Why 10 Is The Magic Number For Keir Starmer In The Local Elections

The Labour leader needs to show his party that he is on course for Downing Street.
The local election results will say a lot about whether Starmer will walk through the famous black door as PM.
The local election results will say a lot about whether Starmer will walk through the famous black door as PM.
JUSTIN TALLIS via Getty Images

Voters across England are heading to the polls today to elect more than 8,000 councillors in 230 local authorities.

The Tories are defending around 3,300 of them, Labour 2,000 and the Liberal Democrats 1,200.

Even the Conservatives acknowledge they are heading for a bad night, with the party’s top pollster, Lord Hayward, predicting they will suffer 800 losses while Labour gain 550 and the Lib Dems 250.

But the key numbers to look out for will not be the numbers of council seats won and lost, but what the results mean for where the parties stand as we head towards next year’s general election.

The so-called “national equivalent voteshare” will be calculated by number-crunchers throughout tomorrow, using the local election results and then extrapolating them to come up with the UK-wide state of the parties.

That may sound rather complicated, but the bottom line is fairly simple; to demonstrate that the opinion polls indicating a Labour victory in 2024 are correct, Keir Starmer’s party needs to be at least 10 points clear on the Tories.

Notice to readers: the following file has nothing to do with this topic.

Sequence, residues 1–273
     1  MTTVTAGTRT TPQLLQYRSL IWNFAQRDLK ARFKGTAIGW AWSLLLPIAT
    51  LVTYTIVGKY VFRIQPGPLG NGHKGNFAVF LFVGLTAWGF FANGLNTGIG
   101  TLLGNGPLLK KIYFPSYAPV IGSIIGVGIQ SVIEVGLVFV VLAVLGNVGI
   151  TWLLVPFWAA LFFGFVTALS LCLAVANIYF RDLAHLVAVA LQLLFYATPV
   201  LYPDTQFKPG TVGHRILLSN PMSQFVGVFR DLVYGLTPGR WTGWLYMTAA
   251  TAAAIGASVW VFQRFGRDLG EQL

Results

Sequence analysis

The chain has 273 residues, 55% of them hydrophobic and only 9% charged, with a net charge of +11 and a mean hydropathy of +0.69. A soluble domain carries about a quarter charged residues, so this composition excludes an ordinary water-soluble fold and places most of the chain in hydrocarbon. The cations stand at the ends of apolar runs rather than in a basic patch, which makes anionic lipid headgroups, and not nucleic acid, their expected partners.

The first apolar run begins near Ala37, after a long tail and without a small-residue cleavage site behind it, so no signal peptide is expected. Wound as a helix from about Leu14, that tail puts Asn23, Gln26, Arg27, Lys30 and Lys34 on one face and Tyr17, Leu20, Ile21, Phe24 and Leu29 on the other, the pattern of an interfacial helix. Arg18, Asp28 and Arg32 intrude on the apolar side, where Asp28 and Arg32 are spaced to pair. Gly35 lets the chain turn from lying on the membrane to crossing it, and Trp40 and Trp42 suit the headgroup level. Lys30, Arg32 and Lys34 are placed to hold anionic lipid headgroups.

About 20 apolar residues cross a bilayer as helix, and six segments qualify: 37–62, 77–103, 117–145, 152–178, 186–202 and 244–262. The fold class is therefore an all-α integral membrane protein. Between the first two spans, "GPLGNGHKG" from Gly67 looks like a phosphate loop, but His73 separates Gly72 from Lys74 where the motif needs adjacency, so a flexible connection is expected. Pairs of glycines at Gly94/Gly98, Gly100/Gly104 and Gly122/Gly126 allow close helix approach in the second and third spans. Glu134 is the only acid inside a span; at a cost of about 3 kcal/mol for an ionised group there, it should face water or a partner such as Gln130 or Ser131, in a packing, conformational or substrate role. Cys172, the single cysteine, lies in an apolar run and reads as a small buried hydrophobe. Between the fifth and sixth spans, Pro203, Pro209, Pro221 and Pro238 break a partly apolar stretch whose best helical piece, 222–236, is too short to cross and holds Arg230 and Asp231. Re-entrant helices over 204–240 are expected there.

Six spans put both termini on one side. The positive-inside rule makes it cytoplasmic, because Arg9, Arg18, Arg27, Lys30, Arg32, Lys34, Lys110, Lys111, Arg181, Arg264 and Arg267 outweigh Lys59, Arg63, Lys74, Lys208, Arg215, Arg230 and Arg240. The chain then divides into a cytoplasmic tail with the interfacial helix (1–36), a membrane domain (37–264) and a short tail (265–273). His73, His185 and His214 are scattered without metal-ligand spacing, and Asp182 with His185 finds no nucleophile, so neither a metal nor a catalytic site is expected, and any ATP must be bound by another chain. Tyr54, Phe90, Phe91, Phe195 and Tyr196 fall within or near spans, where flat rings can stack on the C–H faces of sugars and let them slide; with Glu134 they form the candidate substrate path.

Anything less than that, the pollsters say, and Rishi Sunak’s hopes of being re-elected prime minister remain very much alive.

One of those who will be poring over the data tomorrow is Sir John Curtice, professor of politics at Strathclyde University and the country’s foremost psephologist.

Writing in The Times, he said: “Labour’s best local election performance since 2010 was in 2012. The party, then led by Ed Miliband, was credited with 38 per cent of the vote, seven points ahead of the Conservatives. Sir Keir Starmer’s minimal target is to beat that benchmark.

“However, that would not be enough to emulate the performances of Tony Blair before the 1997 general election or of David Cameron before his success in 2010.

“Labour enjoyed leads of 15 points or more between 1994 and 1996. The same was true of Cameron in 2008 and 2009.

“Doing quite as well as that might be thought a tall order. But registering at least a double-digit lead should not. Certainly, if Labour’s lead is anything much less than that we will be left wondering whether the party really have as yet sealed a deal with the voters.”

Keir Starmer campaigning earlier this week.
Keir Starmer campaigning earlier this week.
Stefan Rousseau via PA Wire/PA Images

That was echoed by Lord Hayward, who told HuffPost UK: “Labour need to be a clear 10% ahead of the Tories when national equivalent voteshare is calculated over the weekend.

“Only then can they believe that they may have an adequate barrier to stop a rising Tory vote share.”

Tomorrow will see Starmer hail the hundreds of seats Labour have gained in town halls across England as proof that the party is on course for government.

But the true barometer will be what the results tell us about the parties’ national standing. Only then will Starmer know whether he really is heading for Number 10.


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